Getty / Abby Parr

The “U.S. Border Patrol Safety Man,” as the clown calls him, is named Jared, and “this guy right here is a cowboy.”

Flint Rasmussen is the Professional Bull Riders’ long-tenured official rodeo performer, and he’s in his usual costume: a smear of clown makeup, broad white hat, a middle-aged paunch holding up neon Cooper Tire-branded athletic shorts. Jared, the handsome Safety Man, trots around the dirt covering Madison Square Garden’s arena on a horse, half-heartedly swinging a lasso. We’re between eight-second sprints of watching boys fall off of animals one-handed, and the two guys are making hammy small talk about Jared’s love life. If one of the $500,000 bulls goes rogue, I gather, it’s the U.S. Border Patrol Safety Man’s job to capture it.

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But that appears unlikely, as most of these lovingly bred bulls are trained well enough to buck a rider and bolt straight back into the pen. These are fantastically professional pieces of livestock, scored along with the athletes who ride them. One year, a rider threw his face mask at a bull in frustration and had to apologize on live TV, as well as hand over a $7,500 dollar fine.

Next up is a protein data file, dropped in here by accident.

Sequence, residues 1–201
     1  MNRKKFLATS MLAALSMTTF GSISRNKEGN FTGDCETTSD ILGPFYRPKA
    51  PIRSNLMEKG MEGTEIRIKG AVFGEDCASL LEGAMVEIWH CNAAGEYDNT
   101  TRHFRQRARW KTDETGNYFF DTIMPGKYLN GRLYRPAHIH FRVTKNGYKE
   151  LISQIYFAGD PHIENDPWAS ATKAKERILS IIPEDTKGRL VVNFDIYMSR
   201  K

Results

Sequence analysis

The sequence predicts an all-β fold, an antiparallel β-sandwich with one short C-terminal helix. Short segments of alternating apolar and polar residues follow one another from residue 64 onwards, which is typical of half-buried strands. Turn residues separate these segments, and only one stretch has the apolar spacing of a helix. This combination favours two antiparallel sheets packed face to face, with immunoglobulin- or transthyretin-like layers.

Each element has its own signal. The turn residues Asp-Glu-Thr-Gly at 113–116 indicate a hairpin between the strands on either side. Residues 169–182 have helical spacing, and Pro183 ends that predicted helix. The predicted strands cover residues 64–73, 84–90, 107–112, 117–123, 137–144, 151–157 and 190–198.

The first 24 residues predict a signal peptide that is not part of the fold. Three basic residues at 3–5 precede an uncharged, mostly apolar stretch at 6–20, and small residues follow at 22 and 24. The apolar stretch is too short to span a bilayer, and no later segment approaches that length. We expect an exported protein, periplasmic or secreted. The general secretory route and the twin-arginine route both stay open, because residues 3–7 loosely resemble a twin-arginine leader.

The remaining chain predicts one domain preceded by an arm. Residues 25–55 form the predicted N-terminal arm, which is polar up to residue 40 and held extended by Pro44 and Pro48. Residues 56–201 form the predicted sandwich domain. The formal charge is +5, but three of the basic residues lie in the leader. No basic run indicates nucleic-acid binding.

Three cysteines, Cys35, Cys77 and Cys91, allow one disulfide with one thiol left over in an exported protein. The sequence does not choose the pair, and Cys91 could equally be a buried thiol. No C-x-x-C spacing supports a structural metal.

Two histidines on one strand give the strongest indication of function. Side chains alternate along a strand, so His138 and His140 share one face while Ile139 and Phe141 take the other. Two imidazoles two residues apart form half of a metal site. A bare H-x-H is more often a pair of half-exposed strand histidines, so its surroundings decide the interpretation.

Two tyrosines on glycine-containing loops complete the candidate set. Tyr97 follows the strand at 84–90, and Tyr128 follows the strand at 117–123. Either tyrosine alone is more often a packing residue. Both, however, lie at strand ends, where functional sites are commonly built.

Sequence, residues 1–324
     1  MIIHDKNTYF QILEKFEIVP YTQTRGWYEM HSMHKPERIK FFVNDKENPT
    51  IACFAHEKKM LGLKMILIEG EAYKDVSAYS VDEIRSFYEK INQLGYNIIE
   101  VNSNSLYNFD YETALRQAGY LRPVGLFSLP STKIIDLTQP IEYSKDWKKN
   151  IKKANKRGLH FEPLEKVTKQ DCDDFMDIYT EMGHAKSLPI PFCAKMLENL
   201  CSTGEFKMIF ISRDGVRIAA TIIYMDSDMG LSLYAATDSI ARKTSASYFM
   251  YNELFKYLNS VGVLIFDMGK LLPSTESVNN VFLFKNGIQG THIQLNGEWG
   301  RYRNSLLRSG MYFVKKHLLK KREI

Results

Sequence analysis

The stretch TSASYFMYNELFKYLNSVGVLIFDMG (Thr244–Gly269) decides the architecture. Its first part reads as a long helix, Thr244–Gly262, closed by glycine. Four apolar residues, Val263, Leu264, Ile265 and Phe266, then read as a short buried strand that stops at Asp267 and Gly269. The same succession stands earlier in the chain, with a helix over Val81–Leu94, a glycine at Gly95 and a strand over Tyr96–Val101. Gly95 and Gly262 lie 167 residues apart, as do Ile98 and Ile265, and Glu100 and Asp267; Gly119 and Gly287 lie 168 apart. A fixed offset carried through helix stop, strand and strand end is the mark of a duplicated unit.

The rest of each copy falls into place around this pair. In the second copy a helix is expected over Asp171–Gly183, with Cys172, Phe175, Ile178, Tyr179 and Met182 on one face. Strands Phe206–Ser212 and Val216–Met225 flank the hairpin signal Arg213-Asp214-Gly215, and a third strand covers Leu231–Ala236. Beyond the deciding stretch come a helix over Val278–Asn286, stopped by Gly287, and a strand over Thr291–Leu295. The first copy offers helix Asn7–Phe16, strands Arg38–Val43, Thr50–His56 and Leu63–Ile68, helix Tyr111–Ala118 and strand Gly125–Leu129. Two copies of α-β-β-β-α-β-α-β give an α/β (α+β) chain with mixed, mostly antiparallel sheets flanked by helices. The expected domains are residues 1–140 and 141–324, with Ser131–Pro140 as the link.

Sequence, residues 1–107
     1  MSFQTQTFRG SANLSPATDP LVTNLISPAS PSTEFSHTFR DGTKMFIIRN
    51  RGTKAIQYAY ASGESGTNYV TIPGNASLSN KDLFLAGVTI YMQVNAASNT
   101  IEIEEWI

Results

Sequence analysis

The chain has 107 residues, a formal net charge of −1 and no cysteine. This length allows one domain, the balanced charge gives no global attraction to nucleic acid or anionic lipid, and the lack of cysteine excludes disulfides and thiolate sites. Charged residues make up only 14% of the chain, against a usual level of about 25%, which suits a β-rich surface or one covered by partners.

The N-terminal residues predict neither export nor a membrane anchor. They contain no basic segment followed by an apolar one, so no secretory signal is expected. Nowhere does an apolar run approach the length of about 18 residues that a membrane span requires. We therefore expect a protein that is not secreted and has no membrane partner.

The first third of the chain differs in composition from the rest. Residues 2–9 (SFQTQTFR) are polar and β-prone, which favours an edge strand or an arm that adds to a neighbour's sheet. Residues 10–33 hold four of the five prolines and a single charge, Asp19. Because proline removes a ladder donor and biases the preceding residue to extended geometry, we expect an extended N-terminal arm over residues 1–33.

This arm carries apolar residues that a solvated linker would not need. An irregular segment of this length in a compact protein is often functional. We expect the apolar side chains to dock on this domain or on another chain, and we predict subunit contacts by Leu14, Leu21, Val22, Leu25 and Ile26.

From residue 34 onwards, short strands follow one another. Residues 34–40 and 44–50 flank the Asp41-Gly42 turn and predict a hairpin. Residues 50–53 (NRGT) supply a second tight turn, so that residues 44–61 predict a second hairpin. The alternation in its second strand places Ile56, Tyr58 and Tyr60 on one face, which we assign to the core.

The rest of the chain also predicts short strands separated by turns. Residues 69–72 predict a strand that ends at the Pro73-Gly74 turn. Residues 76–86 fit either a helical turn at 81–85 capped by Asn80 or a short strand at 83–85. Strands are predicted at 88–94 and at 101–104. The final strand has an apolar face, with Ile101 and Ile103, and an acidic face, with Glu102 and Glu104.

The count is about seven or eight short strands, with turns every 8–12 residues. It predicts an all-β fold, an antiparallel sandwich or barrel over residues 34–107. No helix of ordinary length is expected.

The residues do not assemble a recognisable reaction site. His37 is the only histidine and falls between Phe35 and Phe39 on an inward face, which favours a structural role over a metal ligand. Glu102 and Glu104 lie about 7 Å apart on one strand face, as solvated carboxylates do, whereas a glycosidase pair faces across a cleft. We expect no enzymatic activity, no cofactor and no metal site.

You’ll hear a lot about cowboys like Jared at a Professional Bull Riders’ event. According to Flint, cowboys are tough, but “who am I kidding, we’re not honest.” (This in reference, again, to Jared’s dating habits.) During the championship round, a square-jawed rider named Stormy Wing—apparently his real name—is stunned for nearly a minute by a swift stomp to the head. When he winks into the camera, Flint calls it “the trademark of being a cowboy.” And during a video promotion spot last year, Flint, with clown makeup wiped clean, spoke of hoping to “share cowboy values across the country.” Those values included respect for, among other things, the police and the forefathers and the flag.